Throughout the past couple weeks, I have been tweeting for the HarperCollins Canada’s YA account, @HCCFrenzy. As a result, I have read many articles about why YA literature is so great, such as a Dear Author post here, and Lesley Livingston’s National Post guest article here, in which she wrote why she loved writing for the YA audience. These articles made me realize I have been WAY behind on my YA reading and needed to catch up!
In high school, I was a vigorous reader, and naturally one of the subjects I pursued at university was English Literature. But for the four years of my undergrad, I hid the fact that I enjoyed anything except the classics to fit in with my Honours English Lit classmates. We seemed to only discuss the books we were learning about, or their intellectual equivalents: Wuthering Heights, Lolita, Heart of Darkness. People argued over what was the defining Shakespeare play, and others boasted that they actually did enjoy the epistolary novel Clarissa (a statement I am still hesitant to believe).
Now please don’t get me wrong. I am not putting these books down. I loved them and I still do. I enjoy challenging myself to read books in Old English. Pride & Prejudice remains to be my favourite book, and I reread Les Mis. every Christmas. But you know what I also love? Why We Broke Up. Perks of Being a Wallflower. Looking for Alaska. I’m really enjoying Divergent – I missed my stop on the subway last night because I was so absorbed in it – and I’m really looking forward to its follow up, Insurgent. Heck, I’ll admit it. I even loved Twilight! And I have missed reading them, which is why I’ve been a YA kick lately, and could not be happier.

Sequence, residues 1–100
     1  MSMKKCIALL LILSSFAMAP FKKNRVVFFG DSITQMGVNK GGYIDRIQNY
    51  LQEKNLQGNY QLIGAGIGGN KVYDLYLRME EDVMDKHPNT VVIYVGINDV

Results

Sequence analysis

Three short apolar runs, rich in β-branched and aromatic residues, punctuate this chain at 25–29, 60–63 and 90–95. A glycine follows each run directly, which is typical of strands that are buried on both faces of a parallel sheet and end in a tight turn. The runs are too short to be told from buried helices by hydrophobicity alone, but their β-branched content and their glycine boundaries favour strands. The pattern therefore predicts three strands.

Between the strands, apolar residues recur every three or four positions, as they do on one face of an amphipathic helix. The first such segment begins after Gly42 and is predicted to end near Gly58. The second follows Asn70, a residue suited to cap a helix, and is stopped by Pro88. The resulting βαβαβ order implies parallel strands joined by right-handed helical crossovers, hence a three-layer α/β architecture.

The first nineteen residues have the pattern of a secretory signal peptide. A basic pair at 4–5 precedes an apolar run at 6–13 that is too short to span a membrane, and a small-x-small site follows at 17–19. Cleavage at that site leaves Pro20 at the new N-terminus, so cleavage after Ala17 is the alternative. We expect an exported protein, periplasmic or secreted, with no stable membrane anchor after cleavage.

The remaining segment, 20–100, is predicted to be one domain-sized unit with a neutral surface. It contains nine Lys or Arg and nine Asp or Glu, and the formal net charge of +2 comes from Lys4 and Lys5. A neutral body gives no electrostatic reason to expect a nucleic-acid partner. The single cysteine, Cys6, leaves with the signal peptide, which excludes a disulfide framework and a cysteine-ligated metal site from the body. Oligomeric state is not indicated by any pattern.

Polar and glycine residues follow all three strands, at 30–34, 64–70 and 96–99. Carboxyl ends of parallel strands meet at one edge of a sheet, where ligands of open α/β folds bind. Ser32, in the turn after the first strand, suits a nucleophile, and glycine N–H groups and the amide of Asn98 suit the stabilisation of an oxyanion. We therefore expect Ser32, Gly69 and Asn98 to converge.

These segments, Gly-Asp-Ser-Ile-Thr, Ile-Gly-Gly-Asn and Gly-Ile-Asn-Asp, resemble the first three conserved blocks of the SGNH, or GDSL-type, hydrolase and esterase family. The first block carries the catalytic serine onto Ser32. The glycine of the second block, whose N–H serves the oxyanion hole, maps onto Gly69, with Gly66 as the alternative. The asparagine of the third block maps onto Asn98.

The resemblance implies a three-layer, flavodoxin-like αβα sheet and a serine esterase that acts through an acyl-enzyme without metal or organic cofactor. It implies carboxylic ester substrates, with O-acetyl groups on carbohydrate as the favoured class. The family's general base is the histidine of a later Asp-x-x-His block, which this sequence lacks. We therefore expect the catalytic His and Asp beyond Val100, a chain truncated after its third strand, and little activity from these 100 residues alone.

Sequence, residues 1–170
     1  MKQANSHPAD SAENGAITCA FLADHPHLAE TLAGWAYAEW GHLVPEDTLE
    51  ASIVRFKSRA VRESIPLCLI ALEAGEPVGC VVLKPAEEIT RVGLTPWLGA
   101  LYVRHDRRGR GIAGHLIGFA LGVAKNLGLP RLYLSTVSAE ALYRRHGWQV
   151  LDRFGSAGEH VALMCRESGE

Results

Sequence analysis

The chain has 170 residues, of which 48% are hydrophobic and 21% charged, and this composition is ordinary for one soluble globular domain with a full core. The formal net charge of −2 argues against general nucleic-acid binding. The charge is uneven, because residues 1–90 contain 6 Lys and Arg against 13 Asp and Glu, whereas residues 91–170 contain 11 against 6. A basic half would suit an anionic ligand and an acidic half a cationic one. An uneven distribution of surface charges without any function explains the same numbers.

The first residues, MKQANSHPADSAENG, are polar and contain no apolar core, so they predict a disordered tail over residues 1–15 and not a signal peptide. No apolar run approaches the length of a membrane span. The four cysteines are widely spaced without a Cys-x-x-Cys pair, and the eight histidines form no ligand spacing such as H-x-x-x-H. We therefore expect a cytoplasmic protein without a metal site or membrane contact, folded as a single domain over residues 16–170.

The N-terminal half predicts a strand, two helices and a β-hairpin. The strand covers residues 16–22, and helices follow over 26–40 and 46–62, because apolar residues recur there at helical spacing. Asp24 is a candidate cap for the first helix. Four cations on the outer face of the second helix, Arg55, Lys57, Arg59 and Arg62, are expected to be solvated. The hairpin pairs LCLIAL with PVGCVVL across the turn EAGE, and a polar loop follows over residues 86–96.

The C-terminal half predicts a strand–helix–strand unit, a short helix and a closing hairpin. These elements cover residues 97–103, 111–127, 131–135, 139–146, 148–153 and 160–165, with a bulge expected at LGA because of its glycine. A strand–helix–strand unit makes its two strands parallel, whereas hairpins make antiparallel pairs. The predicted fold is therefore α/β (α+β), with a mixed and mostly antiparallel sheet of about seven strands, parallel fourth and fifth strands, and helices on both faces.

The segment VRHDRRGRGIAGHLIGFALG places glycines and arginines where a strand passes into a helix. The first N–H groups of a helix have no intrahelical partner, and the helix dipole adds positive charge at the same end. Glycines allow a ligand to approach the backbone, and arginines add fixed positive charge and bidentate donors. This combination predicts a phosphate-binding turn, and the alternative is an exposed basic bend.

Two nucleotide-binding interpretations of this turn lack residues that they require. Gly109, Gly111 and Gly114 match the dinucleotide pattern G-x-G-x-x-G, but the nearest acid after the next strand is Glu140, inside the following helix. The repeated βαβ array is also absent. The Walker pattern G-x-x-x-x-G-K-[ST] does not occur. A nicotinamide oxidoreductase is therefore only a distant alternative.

So to answer the question: Why do I love YA?
One of the reasons I love them is the adventure. YA novels have the strange and wonderful ability to suppress your logic and allow you to believe that the world has a dystopian future or that magical or mythological creatures exist: but how? Dystopian novels take relevant trends, actions or emotions and exaggerate them to create chaos and conflict. Take Breathe by Sarah Crossan as an example. In it, the earth is barren and oxygen is at an all-time low. Communities exist under oxygen-regulated domes. This premise is undoubtedly linked to the issues our generation is facing regarding air pollution and environmental concerns.
Though YA novels often discuss issues of chaos or heartbreak, there is still heroism, hope and laughter. Writers like Lesley Livingston and Abigail Gibbs create kick-ass characters, such as Mason in Starling and Violet in The Dark Heroine, who prioritize their family, friends and the well-being of their community. They are independent and they fight for what they believe in. Although independent, these protagonists often have a group of hilarious and supportive friends. I have never read a YA book that didn’t have a friend-character who emulated one of my closest friends. It’s comforting and familiar, and another reason I enjoy these books so much.
I love reading the books and picturing actors in the characters’ roles, imagining who would play whom in the movie adaptation.
Most importantly, I LOVE the online community that exists and supports YA literature. The interaction between authors, publishers and fans online – especially on Twitter – is amazing, and I have been lucky to be a part of it this past month.
So there. That’s why I love YA. And that’s why every Tuesday we will dedicate a SavvyReader blog post to YA Reads. Now excuse me while I return to Divergent (I’m chapters away from starting Insurgent!) After that, I’m not sure.